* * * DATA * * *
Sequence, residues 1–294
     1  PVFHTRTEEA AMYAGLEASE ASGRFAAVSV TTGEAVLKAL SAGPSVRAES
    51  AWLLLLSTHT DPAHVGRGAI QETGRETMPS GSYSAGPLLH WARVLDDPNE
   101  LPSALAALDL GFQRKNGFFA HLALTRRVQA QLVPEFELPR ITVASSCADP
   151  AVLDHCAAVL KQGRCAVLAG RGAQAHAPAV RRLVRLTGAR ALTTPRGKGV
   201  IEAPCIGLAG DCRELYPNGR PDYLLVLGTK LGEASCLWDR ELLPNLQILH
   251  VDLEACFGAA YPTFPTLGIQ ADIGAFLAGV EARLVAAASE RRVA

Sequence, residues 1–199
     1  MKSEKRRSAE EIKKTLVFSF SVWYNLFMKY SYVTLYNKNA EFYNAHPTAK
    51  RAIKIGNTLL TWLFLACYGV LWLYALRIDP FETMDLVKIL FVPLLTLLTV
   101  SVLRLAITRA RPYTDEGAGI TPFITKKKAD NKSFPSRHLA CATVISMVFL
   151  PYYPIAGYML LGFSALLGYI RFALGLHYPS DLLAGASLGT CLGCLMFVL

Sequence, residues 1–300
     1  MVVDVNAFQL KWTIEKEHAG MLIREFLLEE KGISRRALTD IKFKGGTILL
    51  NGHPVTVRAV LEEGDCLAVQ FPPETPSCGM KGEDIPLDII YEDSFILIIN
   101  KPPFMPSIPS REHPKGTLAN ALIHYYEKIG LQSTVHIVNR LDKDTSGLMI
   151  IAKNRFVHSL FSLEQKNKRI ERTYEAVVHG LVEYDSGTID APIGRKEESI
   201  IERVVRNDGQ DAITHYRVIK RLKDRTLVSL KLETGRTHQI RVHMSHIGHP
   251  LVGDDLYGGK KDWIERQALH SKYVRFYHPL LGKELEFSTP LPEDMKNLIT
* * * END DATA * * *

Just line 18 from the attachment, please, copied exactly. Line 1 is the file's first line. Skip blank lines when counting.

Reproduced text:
   201  IERVVRNDGQ DAITHYRVIK RLKDRTLVSL KLETGRTHQI RVHMSHIGHP